How I Went from 1,000 Words a Day to 7,000 Words a Day

by Guest Blogger on June 27, 2013 · 2 comments

in Contemporary, G-I, Guest Blogger, Writing Tips

sophie hill summer girlGuest Blog by Sophie Hill, author of Summer Girl

Hi, I’m Sophie Hill, author of the New Adult romance “Summer Girl.” I’m super excited to be a featured author here! Today I’m going to write about a subject near and dear to my pocketbook, which is:

The Need For Speed

There’s a truism for authors who are struggling to market their book. It goes: What’s the best advertisement for your new book? Answer: your next book.

Or: Your front list sells your back list.

You get the idea. Readers are voracious, especially romance readers, and if they like what you’ve written, they want more. If you’re an author who’s trying to make a living with your writing – and aren’t we all – then you will want to make sure that your readers have plenty to choose from.

Now, for many years, I was a newspaper reporter, pounding out copy every single day for my voracious editors. Three to five stories a day was my average, usually on a wide variety of subjects.

So, you’d think that it would be easy for me to churn out thousands of words a day without blinking an eye, right?

Well, up until recently, not so much.

I wrote a series of BBW romances under another pen name, and it was a struggle for me to write at a pace that I found acceptable. And profitable. It was taking me a couple of months per book to write fairly short books. And as more and more authors join the self-publishing revolution and more and more books flood the Amazon marketplace every day, I found that my books would drop in ranking faster and faster. I needed to find a way to pick up the pace to maintain a decent sales ratio.

Now, I used to be firmly in the “pantser” camp. I’d avoided plotting my works out in advance for years, but I finally decided to take a stab at plotting my stories from beginning to end. It was stressful. Sometimes it made my head hurt. But, finally, desperate to increase my output, I made myself take the time to plot out the entire book from beginning to end. And the results were magic.

No more writers block, no more 300-word days, no more writing myself into a corner and then scrapping 10,000 words. I literally averaged 6,000 words a day and finished a book in a freakishly fast two weeks. (Note: this doesn’t count editing time.)

Now, “plotting out the book in advance” means different things to different people. Alexandra Sokoloff has an excellent book on plotting, which involves index cards, among other things. I do it a little differently. For me, I identify my main characters, their backgrounds and how it’s affected them and made them the person they are today, what they want to accomplish, what’s standing in the way, the “all is lost” moment of the story, and any timeline issues that I need to get straight. Then, I write at least a sentence or two for each scene of the book. When I run into an obstacle, I make myself stop and figure it out at the plotting stage, rather than realizing 30,000 words in that I’ve got a major plot hole.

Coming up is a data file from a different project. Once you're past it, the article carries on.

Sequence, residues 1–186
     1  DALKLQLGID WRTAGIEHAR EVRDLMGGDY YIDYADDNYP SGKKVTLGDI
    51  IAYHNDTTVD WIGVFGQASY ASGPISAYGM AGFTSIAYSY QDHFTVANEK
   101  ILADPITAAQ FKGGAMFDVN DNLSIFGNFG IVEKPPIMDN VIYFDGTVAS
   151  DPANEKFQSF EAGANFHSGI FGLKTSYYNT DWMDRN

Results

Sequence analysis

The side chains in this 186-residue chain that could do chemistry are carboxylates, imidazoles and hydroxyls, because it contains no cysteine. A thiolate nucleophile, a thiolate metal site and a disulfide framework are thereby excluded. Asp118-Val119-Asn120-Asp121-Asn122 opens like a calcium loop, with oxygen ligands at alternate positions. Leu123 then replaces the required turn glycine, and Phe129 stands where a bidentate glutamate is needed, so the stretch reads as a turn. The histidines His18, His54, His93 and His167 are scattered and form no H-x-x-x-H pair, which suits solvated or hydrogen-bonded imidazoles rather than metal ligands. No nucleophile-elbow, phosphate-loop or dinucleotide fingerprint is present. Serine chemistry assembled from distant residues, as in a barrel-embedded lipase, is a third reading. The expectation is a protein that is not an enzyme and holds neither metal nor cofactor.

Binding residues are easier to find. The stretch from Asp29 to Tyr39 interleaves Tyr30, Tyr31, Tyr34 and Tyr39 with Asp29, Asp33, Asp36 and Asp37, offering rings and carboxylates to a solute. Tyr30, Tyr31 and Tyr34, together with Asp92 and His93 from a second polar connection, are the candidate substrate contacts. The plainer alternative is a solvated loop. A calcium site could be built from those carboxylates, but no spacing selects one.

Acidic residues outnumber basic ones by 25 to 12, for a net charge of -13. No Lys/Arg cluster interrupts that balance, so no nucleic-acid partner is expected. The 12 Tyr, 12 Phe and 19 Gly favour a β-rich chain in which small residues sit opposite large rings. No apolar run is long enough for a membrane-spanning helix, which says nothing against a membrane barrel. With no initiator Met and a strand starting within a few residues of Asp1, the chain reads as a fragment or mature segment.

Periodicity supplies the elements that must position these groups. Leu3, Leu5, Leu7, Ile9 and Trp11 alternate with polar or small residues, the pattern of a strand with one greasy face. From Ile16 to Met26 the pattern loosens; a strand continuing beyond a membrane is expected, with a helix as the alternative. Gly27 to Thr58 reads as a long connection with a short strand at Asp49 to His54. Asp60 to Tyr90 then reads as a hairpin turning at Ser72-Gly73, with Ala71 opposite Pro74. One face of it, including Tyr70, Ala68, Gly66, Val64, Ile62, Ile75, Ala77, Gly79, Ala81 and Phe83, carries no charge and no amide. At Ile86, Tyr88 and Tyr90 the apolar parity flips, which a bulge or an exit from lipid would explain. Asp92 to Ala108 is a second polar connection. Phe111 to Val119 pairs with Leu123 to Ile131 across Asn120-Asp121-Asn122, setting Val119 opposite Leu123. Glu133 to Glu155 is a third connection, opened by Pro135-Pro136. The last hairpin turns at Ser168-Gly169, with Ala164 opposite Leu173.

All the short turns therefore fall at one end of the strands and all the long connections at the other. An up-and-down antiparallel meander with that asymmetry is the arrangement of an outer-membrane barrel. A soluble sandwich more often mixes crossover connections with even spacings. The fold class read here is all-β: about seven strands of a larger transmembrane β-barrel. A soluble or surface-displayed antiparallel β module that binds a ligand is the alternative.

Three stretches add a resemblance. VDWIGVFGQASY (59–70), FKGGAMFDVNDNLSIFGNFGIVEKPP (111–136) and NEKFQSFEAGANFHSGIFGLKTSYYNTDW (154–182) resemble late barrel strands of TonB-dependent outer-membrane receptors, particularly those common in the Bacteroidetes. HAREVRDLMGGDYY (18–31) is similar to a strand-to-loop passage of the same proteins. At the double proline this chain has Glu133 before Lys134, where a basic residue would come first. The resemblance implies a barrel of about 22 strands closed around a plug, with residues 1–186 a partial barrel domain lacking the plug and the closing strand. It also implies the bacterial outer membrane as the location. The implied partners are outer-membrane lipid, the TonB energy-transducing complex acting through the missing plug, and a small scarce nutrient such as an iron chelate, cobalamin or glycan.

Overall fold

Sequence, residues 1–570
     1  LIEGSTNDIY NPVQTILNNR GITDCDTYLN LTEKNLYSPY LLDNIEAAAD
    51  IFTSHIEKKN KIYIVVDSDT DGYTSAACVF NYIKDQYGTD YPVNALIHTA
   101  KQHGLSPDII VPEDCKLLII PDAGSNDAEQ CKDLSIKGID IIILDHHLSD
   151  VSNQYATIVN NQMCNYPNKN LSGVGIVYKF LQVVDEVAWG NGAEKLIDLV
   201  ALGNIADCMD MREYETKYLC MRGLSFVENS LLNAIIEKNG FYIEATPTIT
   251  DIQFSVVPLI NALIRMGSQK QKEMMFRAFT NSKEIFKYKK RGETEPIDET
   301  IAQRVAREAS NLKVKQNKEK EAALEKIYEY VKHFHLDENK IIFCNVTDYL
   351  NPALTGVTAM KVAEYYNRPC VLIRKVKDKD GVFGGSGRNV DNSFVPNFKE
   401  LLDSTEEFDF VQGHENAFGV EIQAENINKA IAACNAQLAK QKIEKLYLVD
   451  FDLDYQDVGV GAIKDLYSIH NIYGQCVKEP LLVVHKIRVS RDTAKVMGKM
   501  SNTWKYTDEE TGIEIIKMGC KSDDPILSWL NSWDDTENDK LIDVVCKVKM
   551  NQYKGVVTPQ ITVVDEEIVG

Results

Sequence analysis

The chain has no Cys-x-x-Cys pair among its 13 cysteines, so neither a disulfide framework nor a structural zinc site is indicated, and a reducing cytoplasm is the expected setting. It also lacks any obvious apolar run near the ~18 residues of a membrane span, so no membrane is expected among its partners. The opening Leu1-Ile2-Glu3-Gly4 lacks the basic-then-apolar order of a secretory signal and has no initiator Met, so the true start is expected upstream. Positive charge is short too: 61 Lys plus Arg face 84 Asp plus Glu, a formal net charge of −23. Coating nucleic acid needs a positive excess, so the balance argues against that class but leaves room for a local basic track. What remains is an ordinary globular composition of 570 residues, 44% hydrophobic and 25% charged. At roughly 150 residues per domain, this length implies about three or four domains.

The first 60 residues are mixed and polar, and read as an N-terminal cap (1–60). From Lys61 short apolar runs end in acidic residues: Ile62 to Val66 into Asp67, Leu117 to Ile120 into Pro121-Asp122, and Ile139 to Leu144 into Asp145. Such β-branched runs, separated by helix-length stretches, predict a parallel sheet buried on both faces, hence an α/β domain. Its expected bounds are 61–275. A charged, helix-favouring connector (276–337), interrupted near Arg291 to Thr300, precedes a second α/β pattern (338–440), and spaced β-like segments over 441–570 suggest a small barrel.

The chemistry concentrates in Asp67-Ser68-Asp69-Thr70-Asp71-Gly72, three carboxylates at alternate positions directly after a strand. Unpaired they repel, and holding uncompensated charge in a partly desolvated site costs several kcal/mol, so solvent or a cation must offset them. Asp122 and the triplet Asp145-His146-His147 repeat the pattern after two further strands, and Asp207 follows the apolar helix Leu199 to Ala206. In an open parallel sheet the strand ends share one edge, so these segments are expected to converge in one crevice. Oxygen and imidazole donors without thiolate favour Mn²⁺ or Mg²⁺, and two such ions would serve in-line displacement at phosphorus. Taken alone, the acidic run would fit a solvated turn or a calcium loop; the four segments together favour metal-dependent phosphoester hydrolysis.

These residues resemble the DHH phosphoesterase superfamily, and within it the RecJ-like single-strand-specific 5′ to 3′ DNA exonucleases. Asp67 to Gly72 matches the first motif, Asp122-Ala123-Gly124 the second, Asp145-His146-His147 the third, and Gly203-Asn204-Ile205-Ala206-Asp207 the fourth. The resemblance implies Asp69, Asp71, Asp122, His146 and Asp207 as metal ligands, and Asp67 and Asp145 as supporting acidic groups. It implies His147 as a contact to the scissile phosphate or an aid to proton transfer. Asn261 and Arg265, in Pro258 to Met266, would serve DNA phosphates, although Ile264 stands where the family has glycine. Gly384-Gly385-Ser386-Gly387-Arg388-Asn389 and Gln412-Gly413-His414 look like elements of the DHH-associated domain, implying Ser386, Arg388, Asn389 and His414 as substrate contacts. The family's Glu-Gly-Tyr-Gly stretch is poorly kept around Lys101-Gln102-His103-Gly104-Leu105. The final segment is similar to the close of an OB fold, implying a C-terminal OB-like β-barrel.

Another tip: I set a time for 20 minutes, write like crazy for that 20 minutes, and always try write at least 600-700 words in that time. When the 20 minutes is up I usually get up and take a break for a few minutes, walk around, jog in place, take the dogs out...I come back refreshed, and start over. It helps keep me focused. During that 20 minutes I don't let myself surf the internet, check email, move from my seat; I just type.

And that is how I finished “Summer Girl”, currently ranking no. 98 on the New Adult/College Romance bestsellers list on Amazon, in ten days.

Do you have any tips or tricks to get more writing done? I’d love to hear them!

Visit my website: http://www.authorsophiehill.blogspot.com.

Book Blurb: The girls of summer never stay, and that’s just how Slade Monroe likes it. Every summer the tiny beachside town of Hidden Cove, North Carolina is flooded with wealthy tourists, with their money and their arrogance and their promise of casual flings. And to Slade, bouncer, brawler, heartbreaker, they’re the perfect way to drown his pain and quiet the demons roaring in his head.

But Heather Tremaine is different. Quietly beautiful, deeply hurt, she’s a mystery that Slade finds himself desperately needing to solve. When he realizes that she’s on a quest for the truth about her past, a quest that will take her into dangerous territory, he’s determined to protect her at all costs. But Heather not the only one with secrets…and the last time Slade tried to protect someone he loved, it cost him everything. Will he fight for his love, or will his Summer Girl fade like the seasons?

By the end of the summer, Heather will find out that the truth is more shocking than anything she’d ever anticipated…and she’ll make a choice that will change all of their lives forever.

Buy: Summer Girl

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{ 2 comments… read them below or add one }

1 Helena Newbury June 27, 2013 at 4:08 AM

Awesome post. I underwent pretty much the same transformation once I started religiously plotting everything out in advance. It completely gets rid of “writer’s block”. I don’t think I could pants-it if I tried.

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2 Angie Sargenti June 27, 2013 at 12:23 PM

Hi, Sophie!
I really enjoyed reading your post. I, too, have struggled with the issues of low output and writer’s block. I’ve avoided doing the plotting thing, because it seemed boring and a waste of time, but your article has inspired me to give it a try. Thanks for the help!
Angie

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